In March 1989, after he took the job as coach of the Cowboys, Jimmy Johnson asked veteran NFL coaches for advice. He wanted some tips. He wanted to do things right. Says Johnson, "Here's one thing they all told me: Make sure you get as much control as you can over the personnel side of the team."

So look at him now. Jimmy scouts, Jimmy drafts, Jimmy cuts, Jimmy coaches. No other coach in the league has as much power as the 3-18 Johnson. Although Cowboy owner Jerry Jones lists himself as president and general manager, he has such wide-ranging trust in Johnson that he allows his former college roommate to make almost all the football decisions—including trades—for the club.

When the season ends in December, Johnson will pack up reports prepared by team scouts and take his staff to six college all-star games. Beginning on Feb. 1, the coaches will analyze film of the Plan B players and sign the ones who might help the team. On Feb. 6, the coaches and scouts will meet at the scouting combine in Indianapolis, where the top 300 college seniors will be on display for five days. In March and April, Johnson & Co. will fan out to campuses across the country to interview and test prospects. By mid-April, Johnson and his scouts will have graded all the college players who will be entering the draft. Then he will grade them all over again with his coaches and merge the two lists. On draft day, April 21, all coaches and scouts will have input, but Johnson will have the final say.

In the next three or four years, it should be clear whether Johnson used his power wisely. "Actually, we ought to know by 1992," he says.

That's because Dallas has a total of 13 picks in the first three rounds of the '91 and '92 drafts. The Cowboys have four high choices coming from the megadeal that sent Herschel Walker to the Vikings a year ago this Friday, three from dealing quarterback Steve Walsh to the Saints three weeks ago, one from a swap of draft picks with the Chargers last April, plus five of their own. The 1991 draft should be particularly fruitful. Dallas has three first-round selections, and all of them could come fairly early, because in addition to their own, the Cowboys, who are 2-3, have the picks that belonged to the Vikings (1-4) and the Saints (1-3).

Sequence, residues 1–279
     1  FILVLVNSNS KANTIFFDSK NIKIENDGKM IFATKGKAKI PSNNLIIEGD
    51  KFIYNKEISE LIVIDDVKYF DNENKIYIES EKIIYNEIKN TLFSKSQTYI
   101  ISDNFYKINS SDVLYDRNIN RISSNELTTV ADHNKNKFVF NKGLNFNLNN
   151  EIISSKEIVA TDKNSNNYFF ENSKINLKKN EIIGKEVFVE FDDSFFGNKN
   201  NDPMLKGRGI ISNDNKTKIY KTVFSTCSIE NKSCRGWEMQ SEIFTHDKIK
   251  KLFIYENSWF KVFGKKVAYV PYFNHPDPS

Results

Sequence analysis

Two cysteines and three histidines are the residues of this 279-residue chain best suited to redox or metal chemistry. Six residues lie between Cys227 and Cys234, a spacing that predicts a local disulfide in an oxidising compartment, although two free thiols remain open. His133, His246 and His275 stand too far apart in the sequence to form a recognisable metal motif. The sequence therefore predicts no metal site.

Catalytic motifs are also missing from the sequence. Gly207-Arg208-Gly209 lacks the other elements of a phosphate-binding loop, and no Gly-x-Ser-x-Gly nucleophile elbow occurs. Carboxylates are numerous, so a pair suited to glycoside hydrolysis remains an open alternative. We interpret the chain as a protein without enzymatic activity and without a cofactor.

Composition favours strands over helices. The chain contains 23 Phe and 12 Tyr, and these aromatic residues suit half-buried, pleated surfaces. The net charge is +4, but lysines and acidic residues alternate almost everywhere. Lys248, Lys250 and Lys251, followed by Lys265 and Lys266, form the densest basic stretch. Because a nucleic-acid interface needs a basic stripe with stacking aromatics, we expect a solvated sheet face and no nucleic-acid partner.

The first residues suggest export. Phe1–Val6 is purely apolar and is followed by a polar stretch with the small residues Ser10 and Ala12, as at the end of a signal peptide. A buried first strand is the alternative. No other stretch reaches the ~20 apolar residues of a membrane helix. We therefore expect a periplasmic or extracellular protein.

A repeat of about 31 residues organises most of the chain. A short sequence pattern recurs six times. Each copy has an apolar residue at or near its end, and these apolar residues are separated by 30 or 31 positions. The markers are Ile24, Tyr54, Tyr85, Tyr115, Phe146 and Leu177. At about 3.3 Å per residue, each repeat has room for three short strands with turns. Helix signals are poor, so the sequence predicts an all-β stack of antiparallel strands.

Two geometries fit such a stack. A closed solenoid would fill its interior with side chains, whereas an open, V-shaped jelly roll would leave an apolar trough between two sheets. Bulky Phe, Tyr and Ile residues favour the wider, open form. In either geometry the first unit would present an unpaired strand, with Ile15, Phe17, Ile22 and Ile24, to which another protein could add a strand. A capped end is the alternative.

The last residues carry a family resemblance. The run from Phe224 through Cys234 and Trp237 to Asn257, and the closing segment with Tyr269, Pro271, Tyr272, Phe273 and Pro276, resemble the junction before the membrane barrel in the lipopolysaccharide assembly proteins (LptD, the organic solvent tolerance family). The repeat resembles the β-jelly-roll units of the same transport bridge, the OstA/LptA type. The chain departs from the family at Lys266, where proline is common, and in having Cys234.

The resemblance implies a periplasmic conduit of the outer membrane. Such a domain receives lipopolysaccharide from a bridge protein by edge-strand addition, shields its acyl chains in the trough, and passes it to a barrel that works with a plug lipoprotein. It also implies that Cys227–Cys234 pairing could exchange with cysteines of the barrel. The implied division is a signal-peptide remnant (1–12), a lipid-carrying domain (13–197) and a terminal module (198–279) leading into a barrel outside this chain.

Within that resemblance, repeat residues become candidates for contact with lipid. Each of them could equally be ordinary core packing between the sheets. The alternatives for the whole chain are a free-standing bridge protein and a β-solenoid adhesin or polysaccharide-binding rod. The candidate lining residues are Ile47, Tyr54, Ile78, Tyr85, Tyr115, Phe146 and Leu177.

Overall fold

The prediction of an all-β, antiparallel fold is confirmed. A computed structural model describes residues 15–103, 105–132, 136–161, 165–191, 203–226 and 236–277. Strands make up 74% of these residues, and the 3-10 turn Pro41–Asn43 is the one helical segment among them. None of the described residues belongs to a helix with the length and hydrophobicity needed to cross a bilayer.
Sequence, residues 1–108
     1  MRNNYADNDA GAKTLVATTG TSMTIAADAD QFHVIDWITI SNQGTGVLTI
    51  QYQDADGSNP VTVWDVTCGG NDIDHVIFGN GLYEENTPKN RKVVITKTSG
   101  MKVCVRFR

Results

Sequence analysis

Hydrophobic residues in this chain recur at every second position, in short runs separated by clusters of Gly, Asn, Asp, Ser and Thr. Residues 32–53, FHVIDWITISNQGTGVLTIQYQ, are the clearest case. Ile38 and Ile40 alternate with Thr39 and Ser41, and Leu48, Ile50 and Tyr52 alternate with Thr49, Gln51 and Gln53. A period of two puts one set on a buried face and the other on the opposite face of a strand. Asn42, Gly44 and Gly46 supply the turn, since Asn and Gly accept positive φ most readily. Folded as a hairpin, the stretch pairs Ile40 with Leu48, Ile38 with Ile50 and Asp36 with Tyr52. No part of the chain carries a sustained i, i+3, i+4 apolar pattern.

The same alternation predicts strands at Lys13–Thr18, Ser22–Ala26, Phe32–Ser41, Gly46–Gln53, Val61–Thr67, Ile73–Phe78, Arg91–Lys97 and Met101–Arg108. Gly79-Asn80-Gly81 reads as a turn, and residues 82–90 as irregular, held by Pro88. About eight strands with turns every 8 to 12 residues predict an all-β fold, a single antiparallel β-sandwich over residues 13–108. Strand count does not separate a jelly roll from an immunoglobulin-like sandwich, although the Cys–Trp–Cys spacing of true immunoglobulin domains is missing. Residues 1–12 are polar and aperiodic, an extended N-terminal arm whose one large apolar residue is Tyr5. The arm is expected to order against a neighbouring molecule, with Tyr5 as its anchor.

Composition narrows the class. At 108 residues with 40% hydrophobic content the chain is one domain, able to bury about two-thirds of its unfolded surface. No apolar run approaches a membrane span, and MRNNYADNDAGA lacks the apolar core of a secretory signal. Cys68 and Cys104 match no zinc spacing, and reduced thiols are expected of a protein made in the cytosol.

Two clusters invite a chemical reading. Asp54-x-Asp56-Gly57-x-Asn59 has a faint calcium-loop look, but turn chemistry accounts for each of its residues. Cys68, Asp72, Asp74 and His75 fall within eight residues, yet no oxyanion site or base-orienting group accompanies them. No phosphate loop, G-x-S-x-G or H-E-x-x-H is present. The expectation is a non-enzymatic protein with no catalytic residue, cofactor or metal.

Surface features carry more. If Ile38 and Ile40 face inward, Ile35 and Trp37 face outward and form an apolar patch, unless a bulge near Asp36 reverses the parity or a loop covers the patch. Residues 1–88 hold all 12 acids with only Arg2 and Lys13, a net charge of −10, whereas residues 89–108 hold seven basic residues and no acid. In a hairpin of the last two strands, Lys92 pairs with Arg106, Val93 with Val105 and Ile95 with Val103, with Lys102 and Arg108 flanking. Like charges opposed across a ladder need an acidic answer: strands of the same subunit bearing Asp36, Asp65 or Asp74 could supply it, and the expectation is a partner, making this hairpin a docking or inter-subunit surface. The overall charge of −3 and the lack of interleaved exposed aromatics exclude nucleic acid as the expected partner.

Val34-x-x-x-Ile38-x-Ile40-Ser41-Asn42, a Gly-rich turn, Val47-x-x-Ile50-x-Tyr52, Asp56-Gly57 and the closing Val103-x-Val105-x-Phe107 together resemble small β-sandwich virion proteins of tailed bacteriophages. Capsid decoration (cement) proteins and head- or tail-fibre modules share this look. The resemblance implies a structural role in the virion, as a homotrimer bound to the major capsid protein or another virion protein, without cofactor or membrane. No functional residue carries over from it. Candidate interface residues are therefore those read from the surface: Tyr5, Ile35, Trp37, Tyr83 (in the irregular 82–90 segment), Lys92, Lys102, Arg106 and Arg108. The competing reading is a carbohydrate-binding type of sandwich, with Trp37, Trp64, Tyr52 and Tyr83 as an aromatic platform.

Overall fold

The Walker trade, Johnson says, "set us up to have the chance to get some impact players." Minnesota general manager Mike Lynn says he would still make the trade today, even though it cost him seven high picks and five players. He says that if the Vikings reach the Super Bowl with Walker, then the deal will have been a good one. But Minnesota is 8-9 since the trade and Walker has averaged only 56.8 yards rushing per game.

It'll be a good deal for Dallas if Johnson's all-encompassing job of rebuilding the Cowboys works. He thinks that's the only way to get the job done. "I want our coaches to scout players because I want them to be comfortable with the players they get," he says. "And I don't want to have a personnel guy sitting next to the owner on Sundays saying, 'Well, we drafted good players, but the coaches can't coach 'em.' "


If former Oklahoma running back Marcus Dupree succeeds in his comeback attempt, it will be a story for the ages. "It would be like The Natural, wouldn't it?" says Ram coach John Robinson. Last week the Rams signed Dupree and placed him on injured reserve, which means he won't play for at least another four weeks. "We feel he needs to be scrutinized under some pounding and some stress," says Robinson.

After gaining 239 yards in the 1983 Fiesta Bowl as a Sooner freshman, Dupree quit the team after five games of his sophomore season because of conflicts with then Oklahoma coach Barry Switzer. In March 1984, Dupree signed with the New Orleans Breakers of the now-defunct United States Football League and played in 14 games. But in the first game of the '85 season, he tore the anterior cruciate ligament in his left knee and was told he would never play again. Dupree went home to Philadelphia, Miss. His weight ballooned to 270 pounds. His marriage failed. He spent a week in jail for failing to make alimony and child support payments. Until last week, Dupree says, he hadn't stepped on a football field in 5½ years.